The automatic export restriction of the agreement means that the importing country and the exporting country gradually expand the self-restriction agreement or orderly marketing arrangements to provide for certain products to be exported during the validity period of the agreement. The exporting country has accordingly adopted an export licensing system. Restrict the export of relevant commodities, and the importing country shall conduct supervision and inspection based on customs statistics.As one of the non-tariff measures, automatic export restrictions have seriously hindered the development of international trade. In September 1986, the Uruguay Round of negotiations began to include automatic export restrictions as one of the important elements of the negotiations to reduce and abolish non-tariff barriers. As a result of the negotiations, Article 19 of the General Agreement was amended to restrict the application of automatic export restrictions.

1980 Automobile VER


When the automobile industry in the United States was threatened by the popularity of cheaper, more fuel efficient Japanese cars, a 1981 voluntary restraint agreement limited the Japanese to exporting 1.68 million cars to the U.S. annually as stipulated by U.S Government.[3] This quota was originally intended to expire after three years, in April 1984. However, with a growing deficit in trade with Japan, and under pressure from domestic manufacturers, the US government extended the quotas for an additional year.[4] The cap was raised to 1.85 million cars for this additional year, then to 2.3 million for 1985. The voluntary restraint was removed in 1994.[5]

The Japanese automobile industry responded by establishing assembly plants or "transplants" in the United States (primarily in the Southern U.S. states where right-to-work laws exist as opposed to the Rust Belt states with established labor unions) to produce mass market vehicles. Some Japanese manufacturers who had their transplant assembly factories in the Rust Belt e.g. Mazda, Mitsubishi had to have a joint venture with a Big Three manufacturer (Chrysler/Mitsubishi which became Diamond Star Motors, Ford/Mazda that evolved into AutoAlliance International). GM established NUMMI which was initially a joint venture with Toyota which later expanded to include a Canadian subsidiary (CAMI)) - a GM/Suzuki which were consolidated that evolved into the Geo division in the U.S. (its Canadian counterparts Passport and Asuna were short lived - Isuzu automobiles manufactured during this era were sold as captive imports). The Japanese Big Three (Honda, Toyota, and Nissan) also began exporting bigger, more expensive cars (soon under their newly formed luxury brands like Acura, Lexus, and Infiniti - the luxury marques distanced themselves from its parent brand which was mass marketed) in order to make more money from a limited number of cars.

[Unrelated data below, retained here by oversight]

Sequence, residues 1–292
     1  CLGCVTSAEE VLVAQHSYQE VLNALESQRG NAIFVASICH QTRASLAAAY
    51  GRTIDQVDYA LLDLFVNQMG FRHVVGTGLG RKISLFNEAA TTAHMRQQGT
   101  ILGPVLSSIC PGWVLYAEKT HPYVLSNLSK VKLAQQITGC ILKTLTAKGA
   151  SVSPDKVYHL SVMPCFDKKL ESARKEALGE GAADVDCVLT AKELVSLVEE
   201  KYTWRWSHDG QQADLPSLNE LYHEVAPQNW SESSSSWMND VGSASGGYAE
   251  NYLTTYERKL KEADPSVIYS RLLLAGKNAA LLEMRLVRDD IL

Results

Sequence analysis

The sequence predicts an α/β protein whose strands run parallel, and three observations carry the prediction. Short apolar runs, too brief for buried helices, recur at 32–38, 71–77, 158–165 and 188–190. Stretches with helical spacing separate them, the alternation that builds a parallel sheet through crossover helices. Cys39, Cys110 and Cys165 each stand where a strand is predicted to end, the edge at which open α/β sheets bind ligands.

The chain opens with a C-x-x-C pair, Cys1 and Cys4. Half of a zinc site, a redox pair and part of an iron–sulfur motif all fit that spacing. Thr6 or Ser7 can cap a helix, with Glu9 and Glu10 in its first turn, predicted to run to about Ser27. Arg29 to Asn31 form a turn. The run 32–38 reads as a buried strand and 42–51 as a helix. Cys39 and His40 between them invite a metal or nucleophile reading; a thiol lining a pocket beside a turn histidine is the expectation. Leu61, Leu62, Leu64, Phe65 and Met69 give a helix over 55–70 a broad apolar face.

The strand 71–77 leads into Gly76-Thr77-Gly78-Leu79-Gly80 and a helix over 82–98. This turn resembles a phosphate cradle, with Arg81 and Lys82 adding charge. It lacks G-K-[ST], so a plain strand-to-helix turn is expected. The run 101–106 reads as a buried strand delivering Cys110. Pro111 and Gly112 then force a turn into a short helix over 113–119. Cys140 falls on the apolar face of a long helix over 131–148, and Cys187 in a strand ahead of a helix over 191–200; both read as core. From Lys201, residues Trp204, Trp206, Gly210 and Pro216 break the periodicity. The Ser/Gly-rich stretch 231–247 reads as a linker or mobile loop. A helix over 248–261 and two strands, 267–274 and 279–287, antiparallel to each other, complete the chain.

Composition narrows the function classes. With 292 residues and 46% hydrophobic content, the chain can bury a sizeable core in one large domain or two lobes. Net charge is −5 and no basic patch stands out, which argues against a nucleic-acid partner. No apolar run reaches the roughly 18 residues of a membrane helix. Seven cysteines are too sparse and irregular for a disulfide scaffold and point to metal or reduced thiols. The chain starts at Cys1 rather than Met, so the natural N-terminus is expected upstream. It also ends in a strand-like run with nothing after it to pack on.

See also


References


  1. JOHNSON, Thomas E.; BADE, Donna L. (2010-04-15). Export/Import Procedures and Documentation. AMACOM Div American Mgmt Assn. ISBN 9780814415511.
  2. Motoshige Itoh and Sadao Nagaoga.1997."Global Competition Policy".Institute for International Economics.475.
  3. Itō, Takatoshi (1992), The Japanese Economy, MIT Press, p. 370
  4. Schuon, Marshall (1984-11-25). "About Cars; Chevrolet's Trio Challenge Imports". The New York Times.
  5. Benjamin, Daniel K. (September 1999). "Voluntary Export Restraints on Automobiles". PERC Reports: Volume 17, No. 3. Property & Environment Research Center. Retrieved 2008-11-18. In May 1981, with the American auto industry mired in recession, Japanese car makers agreed to limit exports of passenger cars to the United States. This "voluntary export restraint" (VER) program, initially supported by the Reagan administration, allowed only 1.68 million Japanese cars into the U.S. each year. The cap was raised to 1.85 million cars in 1984, and to 2.30 million in 1985, before the program was terminated in 1994